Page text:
Suddenly, the phone rang and was picked up the young male flight attendant right next to us. We were in the first row and thought I could hear the word emergency in the conversation the pilot was having with the flight attendant. Surely I must have been hearing things, but there we were, not circling the airport but flying around New Jersey.
The baby was getting increasingly restless when the pilot announces that we will be on the ground in three minutes. As soon as we touch down, we can see more than 15 fire trucks and multiple rescue vehicles lining the right side of the runway. As we begin to slow down, these teams of first responders and firefighters are peeling off and escorting us down the runway.
These emergency vehicles are packing in behind us as the announcements are coming on like nothing out of the ordinary is going on. So here we are with a train of emergency vehicles shadowing our every move as our jet is directed away from all the other aircraft that are parked on the tarmac.
Now the emergency vehicles are pulling up on either side of the jet as we await our fate. The flight attendant pops the door and a Port Authority Official rushes into the cockpit to talk with the pilot.
You can hear the pilot say, it was on the screen and then it just went blank. The officer turned back to the flight attendant and told him to let the passengers go. No one wasted any time getting off of that flight. As soon as we got Maddie off of the plane, she was suddenly as cool as a cucumber. I wonder if she knew something that United Airlines had obviously forgot to tell the rest of us.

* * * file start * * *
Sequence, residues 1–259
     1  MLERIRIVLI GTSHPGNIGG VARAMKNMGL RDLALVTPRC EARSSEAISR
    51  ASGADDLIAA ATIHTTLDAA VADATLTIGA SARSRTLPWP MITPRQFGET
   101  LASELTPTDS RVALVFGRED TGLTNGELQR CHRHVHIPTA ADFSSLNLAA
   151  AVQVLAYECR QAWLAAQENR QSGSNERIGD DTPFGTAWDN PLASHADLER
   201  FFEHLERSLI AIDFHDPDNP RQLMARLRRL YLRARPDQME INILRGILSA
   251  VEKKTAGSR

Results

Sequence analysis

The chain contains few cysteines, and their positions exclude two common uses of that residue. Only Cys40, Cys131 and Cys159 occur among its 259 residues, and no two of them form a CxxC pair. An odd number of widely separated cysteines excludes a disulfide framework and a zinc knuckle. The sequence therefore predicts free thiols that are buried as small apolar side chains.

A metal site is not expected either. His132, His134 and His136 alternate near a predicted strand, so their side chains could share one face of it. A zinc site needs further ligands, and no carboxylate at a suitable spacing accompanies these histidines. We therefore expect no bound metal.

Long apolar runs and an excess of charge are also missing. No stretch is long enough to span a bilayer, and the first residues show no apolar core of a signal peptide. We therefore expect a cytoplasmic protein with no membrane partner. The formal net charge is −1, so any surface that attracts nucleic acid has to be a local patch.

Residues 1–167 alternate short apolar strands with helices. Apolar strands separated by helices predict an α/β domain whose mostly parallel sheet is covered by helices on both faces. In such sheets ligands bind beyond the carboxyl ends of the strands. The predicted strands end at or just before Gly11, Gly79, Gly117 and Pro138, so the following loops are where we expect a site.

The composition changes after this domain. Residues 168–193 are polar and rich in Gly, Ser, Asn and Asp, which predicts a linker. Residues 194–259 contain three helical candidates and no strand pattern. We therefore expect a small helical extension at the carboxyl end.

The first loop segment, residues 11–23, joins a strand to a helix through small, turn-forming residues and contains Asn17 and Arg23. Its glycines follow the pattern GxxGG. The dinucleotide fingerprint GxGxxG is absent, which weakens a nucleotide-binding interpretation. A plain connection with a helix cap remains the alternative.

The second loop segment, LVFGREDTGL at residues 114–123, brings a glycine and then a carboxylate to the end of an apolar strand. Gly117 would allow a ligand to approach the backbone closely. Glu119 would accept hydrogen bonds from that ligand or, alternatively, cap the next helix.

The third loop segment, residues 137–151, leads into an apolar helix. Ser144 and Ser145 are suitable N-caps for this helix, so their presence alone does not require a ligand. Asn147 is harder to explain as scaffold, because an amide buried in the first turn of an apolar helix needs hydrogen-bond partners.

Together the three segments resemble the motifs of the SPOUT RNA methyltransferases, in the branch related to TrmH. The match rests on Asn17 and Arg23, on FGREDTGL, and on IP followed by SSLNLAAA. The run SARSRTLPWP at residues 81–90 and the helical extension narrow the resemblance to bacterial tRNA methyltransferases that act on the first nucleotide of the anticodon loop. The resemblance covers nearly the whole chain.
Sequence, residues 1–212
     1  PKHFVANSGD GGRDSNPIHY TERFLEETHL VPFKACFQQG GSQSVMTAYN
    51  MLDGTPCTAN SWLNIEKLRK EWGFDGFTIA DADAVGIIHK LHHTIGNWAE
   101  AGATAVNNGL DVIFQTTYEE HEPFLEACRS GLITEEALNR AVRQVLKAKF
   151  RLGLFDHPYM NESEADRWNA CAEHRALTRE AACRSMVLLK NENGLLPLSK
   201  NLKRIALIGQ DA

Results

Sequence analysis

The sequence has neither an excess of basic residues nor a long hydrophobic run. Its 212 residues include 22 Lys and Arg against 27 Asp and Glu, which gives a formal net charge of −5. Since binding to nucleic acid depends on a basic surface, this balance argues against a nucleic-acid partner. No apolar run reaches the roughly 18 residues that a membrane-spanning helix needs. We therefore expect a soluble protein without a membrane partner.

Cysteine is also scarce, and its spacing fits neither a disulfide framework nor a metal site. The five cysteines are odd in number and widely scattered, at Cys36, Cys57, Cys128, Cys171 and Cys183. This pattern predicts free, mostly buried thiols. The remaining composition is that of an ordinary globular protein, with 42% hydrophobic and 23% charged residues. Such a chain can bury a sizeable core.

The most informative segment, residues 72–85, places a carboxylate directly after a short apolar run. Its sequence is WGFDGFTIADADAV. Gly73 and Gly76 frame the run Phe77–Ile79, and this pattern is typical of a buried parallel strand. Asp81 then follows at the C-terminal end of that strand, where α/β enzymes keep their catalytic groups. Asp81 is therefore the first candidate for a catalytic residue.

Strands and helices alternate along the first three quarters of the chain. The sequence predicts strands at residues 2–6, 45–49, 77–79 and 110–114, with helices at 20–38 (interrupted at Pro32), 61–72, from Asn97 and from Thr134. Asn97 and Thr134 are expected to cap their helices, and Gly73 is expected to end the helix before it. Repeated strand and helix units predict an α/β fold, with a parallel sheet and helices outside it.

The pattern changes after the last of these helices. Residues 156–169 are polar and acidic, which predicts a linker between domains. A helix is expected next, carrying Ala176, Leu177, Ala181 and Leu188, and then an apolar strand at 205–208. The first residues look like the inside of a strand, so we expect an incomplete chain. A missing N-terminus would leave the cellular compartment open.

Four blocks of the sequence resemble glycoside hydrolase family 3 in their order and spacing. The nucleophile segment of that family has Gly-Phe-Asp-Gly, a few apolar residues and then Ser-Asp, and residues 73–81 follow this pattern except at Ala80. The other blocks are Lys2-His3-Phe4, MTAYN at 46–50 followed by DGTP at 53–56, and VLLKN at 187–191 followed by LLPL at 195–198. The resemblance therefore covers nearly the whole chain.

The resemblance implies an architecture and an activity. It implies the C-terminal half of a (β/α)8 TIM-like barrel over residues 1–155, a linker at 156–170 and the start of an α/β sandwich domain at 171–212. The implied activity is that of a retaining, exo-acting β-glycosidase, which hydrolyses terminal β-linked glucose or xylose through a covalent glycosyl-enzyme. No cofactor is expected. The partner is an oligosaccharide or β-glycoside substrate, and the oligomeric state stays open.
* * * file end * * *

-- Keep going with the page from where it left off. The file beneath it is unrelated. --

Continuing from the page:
Maddie fought the good fight this weekend. She traveled hundreds of miles using multiple forms of transportation and kept her sense of humor as much as any 8-month-old little girl could.
Our journey began at the pit known as Newark Airport. It’s rated worst in the nation for a reason folks. And the mega-mind merger between United and Continental only make things worse. Knowing the forces of evil to be dealt with, we left plenty of time to undo whatever screw-ups we might encounter. It didn’t take long to run head-long into our first impediment.
My wife printed boarding passes before leaving the house that clearly read that we were leaving from gate A-27. For those of you who know Newark Airport, this means that you are leaving from Terminal “A” Pretty simple right?
So we checked in at the “A” terminal, checked our bags and collected our boarding passes. Then I heard Maddie gasp. Upon a closer inspection of our tickets, the United idiots had changed the flight to leave from terminal “C”
Maddie glared at her parents as if to say, “This is another fine mess you’ve gotten me into!” It was sooo nice of the bubblehead that checked us in not to mention that we had to high-tail it down to the “C” terminal if we wanted to make our flight. So Maddie suggested we take the monorail and make it snappy!
We get to the lovely terminal “C” only to find that TSA has four entry points but only two security lines open for a mob of travelers. And let me tell you, they were in NO HURRY whatsoever. I propped little Maddie into one arm and started placing my junk into the bins. Sure enough, I snagged the smartest TSA agent in the airport.